The Gulf state is ahead of the rest of the Middle East – and much of the world – when it comes to capitalising on Africa’s investment opportunities. Still, some barriers remain, and African governments are working to encourage greater flows from the region and beyond
With its abounding natural resources, vast expanses of arable land, and evolving infrastructure, the African continent arguably presents a wealth of opportunity to global investors. Yet, despite gaping windows of opportunity, the continent has long been viewed as a Wild West by investors due to shaky governance and residual corruption.
That all seems to be changing. Last year, although the number of foreign direct investment (FDI) projects into Africa dropped by 16 percent to 602 in 2016, the total value of capital investment increased by 40 percent to $92.3bn, according to the 2017 Africa Investment Report by the UK Financial Times’ fDi Intelligence, published in August.
The UAE appears to be playing a leading role in sussing out opportunities. According to the fDi report, it was the second top investing country in Africa by value of capital investment in 2016, accounting for $11bn of capex (capital expenditure) giving it a 12 percent market share. It was second only to China, which had a 39 percent share and accounted for $36.1bn of capex in 2016. The report showed that UAE-led FDI rose a substantial 161 percent from 2015, when it pumped $4.2bn of capex into African projects.
Set against overall Middle Eastern investment into Africa, which totalled $15.7bn of capex in 2016, it is evident that the UAE is taking a large slice of the pie – despite a decline in the total number of individual FDI projects it was involved in that year, from 45 in 2015 to 34 in 2016. This suggests that the country is eyeing fewer, but larger, schemes.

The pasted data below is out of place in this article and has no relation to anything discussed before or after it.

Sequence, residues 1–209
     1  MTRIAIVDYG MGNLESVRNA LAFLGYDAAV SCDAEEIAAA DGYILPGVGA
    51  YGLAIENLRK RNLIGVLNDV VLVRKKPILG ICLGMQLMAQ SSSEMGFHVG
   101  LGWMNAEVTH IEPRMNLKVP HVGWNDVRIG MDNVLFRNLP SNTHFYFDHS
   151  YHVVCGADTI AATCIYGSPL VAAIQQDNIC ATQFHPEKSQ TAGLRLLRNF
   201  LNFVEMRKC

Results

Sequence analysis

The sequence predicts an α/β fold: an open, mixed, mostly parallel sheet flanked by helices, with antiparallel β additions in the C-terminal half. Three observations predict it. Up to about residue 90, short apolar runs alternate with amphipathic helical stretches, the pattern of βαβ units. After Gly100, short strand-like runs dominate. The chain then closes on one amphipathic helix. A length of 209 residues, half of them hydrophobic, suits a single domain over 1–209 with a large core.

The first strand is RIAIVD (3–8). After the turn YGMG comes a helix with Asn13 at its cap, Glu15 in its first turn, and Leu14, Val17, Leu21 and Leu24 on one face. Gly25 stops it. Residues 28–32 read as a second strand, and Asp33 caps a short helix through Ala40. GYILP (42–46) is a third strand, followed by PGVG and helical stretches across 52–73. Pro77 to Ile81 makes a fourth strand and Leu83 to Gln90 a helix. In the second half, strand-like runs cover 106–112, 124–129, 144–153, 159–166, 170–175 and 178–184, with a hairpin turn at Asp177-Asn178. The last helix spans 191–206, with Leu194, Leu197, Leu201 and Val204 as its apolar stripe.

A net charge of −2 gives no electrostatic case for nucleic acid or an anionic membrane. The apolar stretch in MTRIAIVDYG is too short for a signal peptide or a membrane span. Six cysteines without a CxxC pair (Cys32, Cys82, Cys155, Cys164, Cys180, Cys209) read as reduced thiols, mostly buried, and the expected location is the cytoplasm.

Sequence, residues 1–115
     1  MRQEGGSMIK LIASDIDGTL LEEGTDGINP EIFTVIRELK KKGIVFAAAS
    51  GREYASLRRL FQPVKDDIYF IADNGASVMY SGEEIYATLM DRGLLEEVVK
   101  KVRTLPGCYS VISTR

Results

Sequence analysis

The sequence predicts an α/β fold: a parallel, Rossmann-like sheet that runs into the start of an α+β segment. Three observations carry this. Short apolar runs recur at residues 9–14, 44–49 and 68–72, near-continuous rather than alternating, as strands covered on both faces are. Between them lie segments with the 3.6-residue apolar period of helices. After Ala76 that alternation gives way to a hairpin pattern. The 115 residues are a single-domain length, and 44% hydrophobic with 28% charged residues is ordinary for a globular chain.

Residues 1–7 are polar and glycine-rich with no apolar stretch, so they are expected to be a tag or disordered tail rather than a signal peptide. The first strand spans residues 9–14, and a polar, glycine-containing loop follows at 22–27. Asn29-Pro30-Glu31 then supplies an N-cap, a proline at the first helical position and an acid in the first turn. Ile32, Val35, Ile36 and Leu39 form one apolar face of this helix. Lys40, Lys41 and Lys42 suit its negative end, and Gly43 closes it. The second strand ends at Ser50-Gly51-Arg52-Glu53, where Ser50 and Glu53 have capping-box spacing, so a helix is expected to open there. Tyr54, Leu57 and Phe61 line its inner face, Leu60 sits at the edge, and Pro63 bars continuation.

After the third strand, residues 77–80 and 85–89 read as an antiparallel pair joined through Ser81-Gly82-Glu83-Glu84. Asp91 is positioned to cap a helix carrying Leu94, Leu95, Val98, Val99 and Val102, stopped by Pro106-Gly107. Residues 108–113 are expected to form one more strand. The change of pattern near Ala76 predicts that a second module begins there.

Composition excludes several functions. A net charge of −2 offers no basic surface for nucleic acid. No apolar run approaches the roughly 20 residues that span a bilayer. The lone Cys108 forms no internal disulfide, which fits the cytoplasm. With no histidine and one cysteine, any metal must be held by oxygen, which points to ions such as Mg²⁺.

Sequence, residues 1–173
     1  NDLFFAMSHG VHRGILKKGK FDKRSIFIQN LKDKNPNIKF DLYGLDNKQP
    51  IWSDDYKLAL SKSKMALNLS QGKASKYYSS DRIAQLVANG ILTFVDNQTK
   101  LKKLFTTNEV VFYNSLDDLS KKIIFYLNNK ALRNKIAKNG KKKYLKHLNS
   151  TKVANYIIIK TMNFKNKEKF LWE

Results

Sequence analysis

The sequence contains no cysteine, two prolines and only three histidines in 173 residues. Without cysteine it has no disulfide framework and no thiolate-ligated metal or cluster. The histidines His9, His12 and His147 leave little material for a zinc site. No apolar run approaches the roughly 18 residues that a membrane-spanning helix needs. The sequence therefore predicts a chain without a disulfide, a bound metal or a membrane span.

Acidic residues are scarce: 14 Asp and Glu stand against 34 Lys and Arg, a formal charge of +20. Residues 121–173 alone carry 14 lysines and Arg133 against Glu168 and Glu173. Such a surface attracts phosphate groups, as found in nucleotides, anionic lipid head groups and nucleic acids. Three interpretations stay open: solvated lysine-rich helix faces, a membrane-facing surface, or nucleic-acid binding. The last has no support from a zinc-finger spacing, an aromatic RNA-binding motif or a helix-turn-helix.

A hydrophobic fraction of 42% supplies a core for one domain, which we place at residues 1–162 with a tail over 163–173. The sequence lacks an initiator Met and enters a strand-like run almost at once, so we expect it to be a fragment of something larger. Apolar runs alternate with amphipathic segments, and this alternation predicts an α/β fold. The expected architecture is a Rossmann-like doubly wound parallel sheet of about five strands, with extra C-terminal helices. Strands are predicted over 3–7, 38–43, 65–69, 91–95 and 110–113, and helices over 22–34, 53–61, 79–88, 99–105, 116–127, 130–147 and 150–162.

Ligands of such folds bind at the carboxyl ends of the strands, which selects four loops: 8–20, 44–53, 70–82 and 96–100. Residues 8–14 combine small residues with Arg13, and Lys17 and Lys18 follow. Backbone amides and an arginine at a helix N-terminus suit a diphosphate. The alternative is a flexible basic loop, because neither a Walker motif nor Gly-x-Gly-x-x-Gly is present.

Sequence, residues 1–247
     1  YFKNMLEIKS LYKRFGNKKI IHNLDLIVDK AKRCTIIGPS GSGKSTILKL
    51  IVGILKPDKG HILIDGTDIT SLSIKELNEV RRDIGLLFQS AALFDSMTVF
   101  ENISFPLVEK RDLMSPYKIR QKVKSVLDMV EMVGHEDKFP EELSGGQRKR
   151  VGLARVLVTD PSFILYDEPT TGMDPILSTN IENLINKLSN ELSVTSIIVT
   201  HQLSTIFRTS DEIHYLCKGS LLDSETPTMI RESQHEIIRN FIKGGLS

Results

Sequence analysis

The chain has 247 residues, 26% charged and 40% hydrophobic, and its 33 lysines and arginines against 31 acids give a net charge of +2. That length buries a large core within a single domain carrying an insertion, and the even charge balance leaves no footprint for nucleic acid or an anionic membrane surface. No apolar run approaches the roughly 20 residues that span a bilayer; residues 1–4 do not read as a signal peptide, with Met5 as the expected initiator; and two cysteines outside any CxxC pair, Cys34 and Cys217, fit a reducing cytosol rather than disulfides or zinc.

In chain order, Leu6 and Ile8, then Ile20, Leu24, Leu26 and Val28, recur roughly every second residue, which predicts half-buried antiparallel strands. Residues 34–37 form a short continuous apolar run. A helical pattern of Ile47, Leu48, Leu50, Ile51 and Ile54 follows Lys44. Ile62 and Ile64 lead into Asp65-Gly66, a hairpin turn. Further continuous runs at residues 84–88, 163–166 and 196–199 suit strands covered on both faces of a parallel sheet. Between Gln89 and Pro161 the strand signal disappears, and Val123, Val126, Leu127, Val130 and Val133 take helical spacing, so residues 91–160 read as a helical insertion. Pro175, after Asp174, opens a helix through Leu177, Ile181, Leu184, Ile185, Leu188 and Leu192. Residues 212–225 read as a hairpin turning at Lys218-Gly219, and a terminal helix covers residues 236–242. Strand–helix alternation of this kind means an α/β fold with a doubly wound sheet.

According to the Dubai Chamber of Commerce and Industry, Dubai has been banking on Africa for some time. Non-oil trade with Africa has risen steadily by more than 700 percent since 2002. Says Dubai Chamber’s president and CEO Hamad Buamim: “Dubai is well positioned to take advantage of economic trends shaping Africa, given the fact that the emirate serves as a major hub for African companies that trade with the GCC and use the city as a strategic hub to access key growth markets in Asia and Europe,” he says.
A report, released this month, by emerge85, an economics laboratory that partners with Johns Hopkins University and UAE think tank the Delma Institute, supports this claim. Dubai is one of the few places able to facilitate business and logistics for the emerging African middle class, especially in Kenya, Nigeria, and South Africa.
Challenge or opportunity?
“From aviation, to food security, to humanitarian assistance, the relationship between the [entire] Gulf and Africa is multifaceted and full of growth opportunities,” says Joseph Dana, editor-in-chief of the research, citing rapid urbanisation and a population boom as reasons for why Africa is such a fertile market.
EY’s 2017 Africa Attractiveness report also indicated strong participation by the UAE in African investment, but said the drop in commodity prices has shrunk the number of projects the UAE is involved in. The number of UAE projects climbed 41 percent in 2015 but declined 30 percent in 2016, EY said. “Investment flows to Africa have been very dependent on commodity prices, and as commodity prices have cycled down over the last two to three years, in the absence of diversified economies, investment flows have tailed off,” says Dr. Greg Mills, director of the Johannesburg-based Brenthurst Foundation.
He added that perceptions of corruption and other such risk had dented investor appetite. “These remain high-cost and relatively difficult places to do business, where at least the perception, if not the reality of risk remains very high,” says Mills, who has co-authored a book, ‘Making Africa Work’, with former Nigerian president Olusegun Obasanjo.
However, experts at the African Legal Network (ALN)’s Africa: Bridging the Gulf conference in Dubai this month insisted that a trend of democratic reforms across the continent, surging demographics and an underdeveloped infrastructure system promise to make the climate more investor friendly.
Former Malian prime minister and ALN chair, Cheick Modibo Diarra, says that by far the greatest liability for investors on the continent has been political risk, but as institutions evolve, this is becoming a thing of the past. “The most common risk in Africa is political risk. Look at what happened in Kenya. That tells you that even now our judicial institutions have reached a level of maturity,” Diarra tells Arabian Business, pointing to Kenya’s re-election of a sitting president in August.